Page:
Why Priests? A Failed Tradition, by Garry Wills. (Penguin) Wills – who as a young man spent more than five years in a Jesuit seminary – finds only a dubious foundation for the Roman Catholic priesthood, and its religious powers, in the books of the New Testament. Using his linguistic skills and his impressive command of both secondary literature and patristic sources, the author doesn’t advocate its elimination, but asks, “Why did the priesthood come into a religion that began without it and, indeed, opposed it?”
The River Swimmer: Novellas, by Jim Harrison. (Grove Press) The men in these two charming novellas – set in the woods and farmlands of northern Michigan that are Harrison’s literary stamping grounds – experience the triumph and torment of being alive, at the watershed ages of 17 and 60. Times reviewer Ron Carlson called these stories “trenchant and visionary.”
Sticks and Stones: Defeating the Culture of Bullying and Rediscovering the Power of Character and Empathy, by Emily Bazelon. (Random House) Focusing primarily on the experiences of a few bullied children, this intelligent, rigorous book synthesizes the scholarship on how to contain or prevent such harm in an age when the problem isn’t confined to schools but is also, as Bazelon notes, “on our computer screens and phones for all to see.”
The Pretty One: A Novel About Sisters, by Lucinda Rosenfeld. (Back Bay/Little, Brown) Three siblings wriggle out from under the categories (pretty, perfect, political) they’ve been saddled with since childhood in Rosenfeld’s appealingly dark novel: Olympia, the “pretty one” of the title, is 38 and has never felt so alone; Perri, who runs her own company and keeps an immaculate home, has stopped sleeping with her husband; and Gus, an activist spitfire newly separated from her girlfriend, is involved with a ditsy (male) skier.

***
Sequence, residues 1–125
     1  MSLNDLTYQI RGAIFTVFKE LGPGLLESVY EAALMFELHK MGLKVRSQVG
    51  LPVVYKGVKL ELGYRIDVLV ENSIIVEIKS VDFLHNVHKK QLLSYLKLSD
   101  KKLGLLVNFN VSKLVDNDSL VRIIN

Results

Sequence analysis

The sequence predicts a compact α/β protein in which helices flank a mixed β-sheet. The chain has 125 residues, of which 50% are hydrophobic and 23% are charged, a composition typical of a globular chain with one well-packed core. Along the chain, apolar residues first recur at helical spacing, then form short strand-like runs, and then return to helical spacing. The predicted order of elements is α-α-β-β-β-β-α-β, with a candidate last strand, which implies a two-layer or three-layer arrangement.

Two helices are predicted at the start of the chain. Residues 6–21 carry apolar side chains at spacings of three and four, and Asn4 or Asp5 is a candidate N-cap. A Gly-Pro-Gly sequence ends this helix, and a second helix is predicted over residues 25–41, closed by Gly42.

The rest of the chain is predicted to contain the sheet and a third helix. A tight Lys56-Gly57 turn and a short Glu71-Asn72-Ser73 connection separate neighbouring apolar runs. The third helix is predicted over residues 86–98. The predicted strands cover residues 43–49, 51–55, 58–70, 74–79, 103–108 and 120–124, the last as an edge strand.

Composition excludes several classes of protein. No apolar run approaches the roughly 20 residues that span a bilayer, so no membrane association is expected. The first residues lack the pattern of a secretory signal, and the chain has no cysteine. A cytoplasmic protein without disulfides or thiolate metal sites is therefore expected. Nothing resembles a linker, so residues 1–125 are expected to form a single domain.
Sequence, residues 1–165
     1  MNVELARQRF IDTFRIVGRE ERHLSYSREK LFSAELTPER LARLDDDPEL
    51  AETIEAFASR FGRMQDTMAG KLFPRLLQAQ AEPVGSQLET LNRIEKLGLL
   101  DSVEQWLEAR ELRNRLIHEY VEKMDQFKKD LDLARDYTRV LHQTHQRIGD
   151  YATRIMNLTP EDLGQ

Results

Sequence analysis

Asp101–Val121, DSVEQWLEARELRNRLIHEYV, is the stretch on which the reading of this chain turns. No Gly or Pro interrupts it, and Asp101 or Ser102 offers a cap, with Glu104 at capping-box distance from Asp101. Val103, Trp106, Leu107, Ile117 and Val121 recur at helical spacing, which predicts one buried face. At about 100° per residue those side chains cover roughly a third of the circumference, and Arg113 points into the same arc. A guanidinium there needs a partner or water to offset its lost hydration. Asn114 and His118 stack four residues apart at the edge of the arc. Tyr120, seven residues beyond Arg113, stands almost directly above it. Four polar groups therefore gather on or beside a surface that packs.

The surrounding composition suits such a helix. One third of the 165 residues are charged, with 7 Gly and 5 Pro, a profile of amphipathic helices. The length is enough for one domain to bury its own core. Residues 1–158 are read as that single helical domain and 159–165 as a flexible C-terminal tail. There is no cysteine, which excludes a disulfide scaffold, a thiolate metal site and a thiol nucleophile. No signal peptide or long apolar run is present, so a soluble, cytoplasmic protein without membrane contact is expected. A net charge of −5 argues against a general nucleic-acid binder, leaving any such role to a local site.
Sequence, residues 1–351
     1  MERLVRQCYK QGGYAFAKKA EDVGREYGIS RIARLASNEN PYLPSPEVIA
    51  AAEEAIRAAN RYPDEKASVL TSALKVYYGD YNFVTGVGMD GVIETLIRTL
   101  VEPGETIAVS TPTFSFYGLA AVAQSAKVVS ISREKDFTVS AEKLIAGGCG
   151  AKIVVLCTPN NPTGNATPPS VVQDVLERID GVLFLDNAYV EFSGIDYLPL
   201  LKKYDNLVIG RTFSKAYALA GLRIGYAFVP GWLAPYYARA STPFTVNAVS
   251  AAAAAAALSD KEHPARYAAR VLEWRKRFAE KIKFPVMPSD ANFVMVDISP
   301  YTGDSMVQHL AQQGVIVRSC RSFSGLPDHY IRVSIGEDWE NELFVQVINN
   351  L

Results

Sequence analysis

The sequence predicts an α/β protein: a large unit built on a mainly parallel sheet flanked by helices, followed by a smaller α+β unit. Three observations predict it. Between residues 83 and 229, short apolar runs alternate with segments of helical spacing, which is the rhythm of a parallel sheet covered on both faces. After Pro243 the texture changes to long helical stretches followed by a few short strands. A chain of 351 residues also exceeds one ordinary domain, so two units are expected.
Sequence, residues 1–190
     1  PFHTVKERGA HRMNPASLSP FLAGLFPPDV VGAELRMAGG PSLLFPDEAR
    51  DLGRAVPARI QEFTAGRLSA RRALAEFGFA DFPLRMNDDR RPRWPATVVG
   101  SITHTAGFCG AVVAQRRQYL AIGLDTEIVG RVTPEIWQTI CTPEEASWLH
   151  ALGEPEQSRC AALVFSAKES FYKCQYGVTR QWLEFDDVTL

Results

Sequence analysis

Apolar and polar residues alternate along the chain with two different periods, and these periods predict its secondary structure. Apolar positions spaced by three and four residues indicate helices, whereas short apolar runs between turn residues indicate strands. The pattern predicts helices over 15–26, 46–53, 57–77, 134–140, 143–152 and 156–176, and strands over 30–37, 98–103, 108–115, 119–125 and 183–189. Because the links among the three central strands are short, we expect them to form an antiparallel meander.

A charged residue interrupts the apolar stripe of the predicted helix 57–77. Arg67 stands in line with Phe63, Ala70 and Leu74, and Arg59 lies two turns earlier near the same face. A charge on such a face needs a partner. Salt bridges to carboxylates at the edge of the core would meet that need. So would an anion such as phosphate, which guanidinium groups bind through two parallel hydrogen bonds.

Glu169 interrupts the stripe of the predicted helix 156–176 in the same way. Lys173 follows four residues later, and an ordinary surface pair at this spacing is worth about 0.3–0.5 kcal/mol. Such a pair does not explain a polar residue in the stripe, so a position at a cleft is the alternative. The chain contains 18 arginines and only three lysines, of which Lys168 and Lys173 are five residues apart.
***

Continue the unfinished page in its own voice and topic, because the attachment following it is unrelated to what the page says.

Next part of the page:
Weird Life: The Search for Life That Is Very, Very Different From Our Own, by David Toomey. (Norton) Toomey leads a breakneck tour through the edges of organic chemistry, planetary science, nuclear physics and cosmology as he investigates the earthly organisms that thrive in the most extreme conditions, and speculates about what might exist in the far reaches of the universe.
The Miniature Wife: And Other Stories, by Manuel Gonzales. (Riverhead) Zombies, unicorns, shrink rays – an ordinary world is beset by unusual phenomena in this excellent debut. In “Pilot, Copilot, Writer,” a hijacked plane circles a city for 20 years.
Return of a King: The Battle for Afghanistan, 1839-42, by William Dalrymple. (Vintage) Dalrymple, the author of “White Mughals” and “The Last Mughal,” seeks contemporary lessons in Britain’s disastrous 19th-century invasion (later called the First Afghan War), when British troops, after installing the exiled Shah Shuja on the throne as their puppet, were forced from Kabul and cut down in the mountains around the capital.
New York Times